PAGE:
Early Origins of the Aylburey family
Buckinghamshire at Aylesbury, a borough, market-town, parish, and the head of a union, in the hundred of Aylesbury. "This place appears to have been one of the strongholds of the ancient Britons, from whom it was taken in the year 571 by Cutwulph, brother of Ceawlin, King of the West Saxons; and to have had a castle of some importance, from which circumstance probably it derives its Saxon appellation Aeglesburge. In the reign of the Conqueror it was a royal manor." CITATION[CLOSE]
Lewis, Samuel, A Topographical Dictionary of England. Institute of Historical Research, 1848, Print. By the time of the Domesday Book of 1086, the place name was listed as Eilesberia CITATION[CLOSE]
Williams, Dr Ann. And G.H. Martin, Eds., Domesday Book A Complete Translation. London: Penguin, 1992. Print. (ISBN 0-141-00523-8) and literally meant "stronghold or a man called Aegel. " CITATION[CLOSE]
Mills, A.D., Dictionary of English Place-Names. Oxford: Oxford University Press, 1991. Print. (ISBN 0-19-869156-4) As far as the surname is concerned, the first record of the surname was found in 1188 when Richard of Aylesbury of Eynsham held estates in this shire.
Early History of the Aylburey family
Another 249 words (18 lines of text) covering the years 1280, 1307, 1377, 1381, 1455, 1487, 1576, 1657, 1628, 1635, 1615, 1656, 1622 and 1659 are included under the topic Early Aylburey History in all our PDF Extended History products and printed products wherever possible.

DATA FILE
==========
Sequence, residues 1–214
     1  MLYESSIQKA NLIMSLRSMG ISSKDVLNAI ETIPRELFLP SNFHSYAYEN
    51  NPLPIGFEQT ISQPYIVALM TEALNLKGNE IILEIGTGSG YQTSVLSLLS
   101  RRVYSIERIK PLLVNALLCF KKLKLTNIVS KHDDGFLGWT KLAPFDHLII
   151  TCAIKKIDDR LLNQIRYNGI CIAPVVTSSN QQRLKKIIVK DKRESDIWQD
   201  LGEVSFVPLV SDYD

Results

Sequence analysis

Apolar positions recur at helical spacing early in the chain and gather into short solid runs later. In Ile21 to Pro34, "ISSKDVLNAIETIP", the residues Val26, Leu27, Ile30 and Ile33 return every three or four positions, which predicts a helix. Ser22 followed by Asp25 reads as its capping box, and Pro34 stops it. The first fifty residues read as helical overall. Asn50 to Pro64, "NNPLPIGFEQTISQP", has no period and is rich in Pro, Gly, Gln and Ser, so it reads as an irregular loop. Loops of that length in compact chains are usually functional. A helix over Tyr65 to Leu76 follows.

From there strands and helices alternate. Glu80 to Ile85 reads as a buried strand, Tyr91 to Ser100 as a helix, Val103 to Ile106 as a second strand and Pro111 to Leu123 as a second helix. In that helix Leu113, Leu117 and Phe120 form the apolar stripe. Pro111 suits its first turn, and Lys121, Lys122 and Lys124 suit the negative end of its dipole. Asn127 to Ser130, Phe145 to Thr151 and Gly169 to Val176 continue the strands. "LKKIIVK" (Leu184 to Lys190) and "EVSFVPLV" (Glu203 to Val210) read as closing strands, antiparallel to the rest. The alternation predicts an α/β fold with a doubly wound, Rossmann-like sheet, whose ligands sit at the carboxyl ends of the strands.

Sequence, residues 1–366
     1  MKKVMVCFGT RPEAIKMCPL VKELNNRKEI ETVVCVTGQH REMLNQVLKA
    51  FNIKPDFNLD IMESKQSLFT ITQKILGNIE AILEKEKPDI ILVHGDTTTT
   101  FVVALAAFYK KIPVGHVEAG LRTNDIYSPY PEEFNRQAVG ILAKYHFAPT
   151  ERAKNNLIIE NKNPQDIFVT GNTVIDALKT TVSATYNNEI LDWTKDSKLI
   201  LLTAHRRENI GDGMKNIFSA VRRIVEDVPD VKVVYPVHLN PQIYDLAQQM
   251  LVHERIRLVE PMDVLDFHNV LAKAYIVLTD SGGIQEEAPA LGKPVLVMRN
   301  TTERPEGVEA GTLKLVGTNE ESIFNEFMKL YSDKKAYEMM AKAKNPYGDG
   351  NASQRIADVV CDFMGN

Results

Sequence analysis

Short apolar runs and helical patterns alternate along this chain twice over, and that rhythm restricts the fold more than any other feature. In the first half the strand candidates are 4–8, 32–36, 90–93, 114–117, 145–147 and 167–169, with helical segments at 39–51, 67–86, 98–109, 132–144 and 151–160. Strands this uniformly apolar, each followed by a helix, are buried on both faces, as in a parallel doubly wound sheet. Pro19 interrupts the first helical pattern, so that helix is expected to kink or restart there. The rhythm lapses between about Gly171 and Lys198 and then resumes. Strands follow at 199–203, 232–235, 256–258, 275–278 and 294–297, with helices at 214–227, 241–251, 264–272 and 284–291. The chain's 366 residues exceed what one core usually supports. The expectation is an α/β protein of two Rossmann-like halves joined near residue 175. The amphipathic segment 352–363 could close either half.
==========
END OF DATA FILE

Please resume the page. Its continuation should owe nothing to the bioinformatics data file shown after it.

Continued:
Aylburey Spelling Variations
spelling variations are commonly found in early Anglo-Saxon surnames. Over the years, many variations of the name Aylburey were recorded, including Aylesbury, Aylesberry, Aylesbery, Aylesbry, Ailsberry, Ailsburry, Ailsbry and many more.
Early Notables of the Aylburey family (pre 1700)
Baronet, an English civil servant, Surveyor of the Navy from 1628, jointly Master of the Mint from...
Another 28 words (2 lines of text) are included under the topic Early Aylburey Notables in all our PDF Extended History products and printed products wherever possible.
Migration of the Aylburey family to the New World and Oceana
To escape oppression and starvation at that time, many English families left for the "open frontiers" of the New World with all its perceived opportunities. In droves people migrated to the many British colonies, those in North America in particular, paying high rates for passages in cramped, unsafe ships. Although many of the settlers did not make the long passage alive, those who did see the shores of North America perceived great opportunities before them. Many of the families that came from England went on to make essential contributions to the emerging nations of Canada and the United States. Research into various historical records revealed some of first members of the Aylburey family emigrate to North America: settlers, who arrived along the eastern seaboard, from Newfoundland, to Maine, to Virginia, the Carolinas, and to the islands.
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